Crouched in a Manhattan storage unit, curator Daniel Cooney was wading through 50 years of work by late New York photographer Arlene Gottfried. With so much material – enough for 18 shows, he imagines – the “huge responsibility and huge privilege” of putting on the first show since Gottfried’s passing in the summer of 2017 felt very real. “I would just close my eyes and say, ‘Arelene, I need your help.’ I just tried to tune in on a very personal level and think, who is Arlene? Who was she to me?”
An unassuming “little Jewish lady” raised in Manhattan’s Alphabet City neighbourhood, Gottfried was also a phenomenal street photographer. Having taken pictures since childhood (something that helped to quash her fear of photographing strangers), she’d built up a huge body of work but recognition of her talents in capturing the energy of New York’s less affluent neighbourhoods didn’t come until she was in her late 50s.
“She was someone who could really connect with people’s vulnerabilities, with total respect and total identification,” says Daniel, whose exhibition of Gottfried’s work A Lifetime of Wandering runs at the Daniel Cooney Fine Art gallery until April 28th. “She always photographed people on the fringes of society, and even though she might have been photographing a Puerto Rican community or African American gospel singers, I think she felt like she was one of them. She totally connected with people on a very heartfelt level.”
The pair first met six years ago after being introduced by Paul Moakley, the deputy director of Time Magazine, who had occasionally commissioned Gottfried. Walking into Daniel’s gallery dragging a suitcase of work, Gottfried started unpacking print after print of raw, intimate and sometimes humorous observations. “In most of the photographs people are looking right at her, at close range, so she obviously had to get right in and really talk to people and interact them,” says Daniel about the incongruousness of Gottfried and her portfolio. “She didn’t appear to have the gusto to be approaching all these people in the photographs; she just didn’t present herself in that way.”
Although she lived less than two miles from Daniel’s gallery, which specialises in photography, Gottfried was totally unknown to Daniel and the wider photographic community. “I remember talking to Paul [Moakley] and saying ‘Am I missing something? Why does no-one know her? Is she famous and I don’t know it?’” But spending more time with her, first putting on her debut commercial gallery exhibition, then a second shortly after, Daniel soon discovered what made her such a talented visual narrator. “I think it was her presence, it was very understated and very calm," he explains. “Arlene didn’t present herself as any kind of a threat. She had a great smile, she was small in stature. I think she had a genuine curiosity in people that you could pick up on.”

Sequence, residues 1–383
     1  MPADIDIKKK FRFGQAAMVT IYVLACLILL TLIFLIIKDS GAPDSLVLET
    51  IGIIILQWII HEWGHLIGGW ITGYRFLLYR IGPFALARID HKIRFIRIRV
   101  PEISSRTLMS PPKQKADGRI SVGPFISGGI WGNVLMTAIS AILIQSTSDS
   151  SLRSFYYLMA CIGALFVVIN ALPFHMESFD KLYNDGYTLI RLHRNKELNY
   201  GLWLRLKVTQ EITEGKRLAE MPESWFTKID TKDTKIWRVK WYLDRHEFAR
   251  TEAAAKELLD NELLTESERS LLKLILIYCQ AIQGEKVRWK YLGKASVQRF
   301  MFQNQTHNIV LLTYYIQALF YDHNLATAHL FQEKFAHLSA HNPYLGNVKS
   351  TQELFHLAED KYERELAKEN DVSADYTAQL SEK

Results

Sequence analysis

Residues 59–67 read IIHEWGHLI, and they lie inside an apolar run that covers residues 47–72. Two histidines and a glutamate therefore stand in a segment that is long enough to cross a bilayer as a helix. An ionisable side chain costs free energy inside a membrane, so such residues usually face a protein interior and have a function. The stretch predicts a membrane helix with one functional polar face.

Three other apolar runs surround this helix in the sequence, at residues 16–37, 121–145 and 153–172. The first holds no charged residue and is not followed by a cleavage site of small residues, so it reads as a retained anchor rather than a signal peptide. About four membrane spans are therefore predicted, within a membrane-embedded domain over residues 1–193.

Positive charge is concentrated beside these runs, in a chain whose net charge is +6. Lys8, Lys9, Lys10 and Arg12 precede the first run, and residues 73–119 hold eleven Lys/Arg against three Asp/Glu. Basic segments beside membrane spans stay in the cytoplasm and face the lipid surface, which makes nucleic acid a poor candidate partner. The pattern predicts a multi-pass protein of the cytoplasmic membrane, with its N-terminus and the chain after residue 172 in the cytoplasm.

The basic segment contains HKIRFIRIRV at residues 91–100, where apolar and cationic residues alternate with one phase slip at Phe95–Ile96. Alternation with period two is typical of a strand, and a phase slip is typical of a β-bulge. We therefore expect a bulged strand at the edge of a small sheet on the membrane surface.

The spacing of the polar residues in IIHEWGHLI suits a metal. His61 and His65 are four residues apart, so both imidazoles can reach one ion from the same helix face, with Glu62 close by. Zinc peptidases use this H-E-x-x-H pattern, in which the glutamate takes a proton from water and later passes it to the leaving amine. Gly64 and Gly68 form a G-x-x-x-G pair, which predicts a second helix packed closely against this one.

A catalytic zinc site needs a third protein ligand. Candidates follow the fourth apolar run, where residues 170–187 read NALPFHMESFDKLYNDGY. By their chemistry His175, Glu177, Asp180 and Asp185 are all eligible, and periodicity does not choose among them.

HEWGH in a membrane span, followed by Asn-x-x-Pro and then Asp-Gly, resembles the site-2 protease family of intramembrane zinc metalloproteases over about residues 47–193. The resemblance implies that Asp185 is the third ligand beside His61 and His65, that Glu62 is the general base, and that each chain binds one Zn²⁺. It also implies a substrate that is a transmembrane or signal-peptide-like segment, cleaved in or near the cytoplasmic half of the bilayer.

Not only was the debut exhibition a huge commercial success, it also helped put Gottfried on the map. “People were recognising her and coming into the gallery from seeing something in The Huffington Post or The Wall Street Journal,” Daniel says. “That was the start of her Renaissance, getting her dues late in life. But also interestingly for me, it really turned my gallery around because I was at a point where I was struggling with what my mission was here at the gallery. It really helped me shift the focus.”
Having studied at the Fashion Institute where she was the only woman on the programme, Daniel attributes Gottfried’s lack of fame partly to her nature but also to the sexism of the period. “She tried to make a living, getting assignments for newspapers. She did shoot for The New York Times and News Week but those assignments were few and far between,” he explains. “By the time she reached her sixties, she was used to being overlooked. Part of it was being a woman, part of it was that her gift was photography, not networking.”
Gottfried and Daniel started putting together their third exhibition, A Lifetime of Wandering, at the begging of last year. But Gottfried’s deteriorating health meant that she was cancelling more and more meetings. “I didn’t actually know she was as sick as she was,” says Daniel, “so I was pretty surprised when she passed away. I talked to her family, and I said I wanted to do this show and they have been 100% supportive.”
From unexpected shots of singers Rick James, Diana Ross and Stevie Wonder to a portrait of three albino musicians that hung over Arlene’s kitchen door for most of their friendship, Daniel explains that he’s taken a very personal approach to the third exhibition. “This show is completely my view of who Arlene was as a photographer. It’s absolutely biased,” he says. “I absolutely loved her and I want her to be seen in her best light.”
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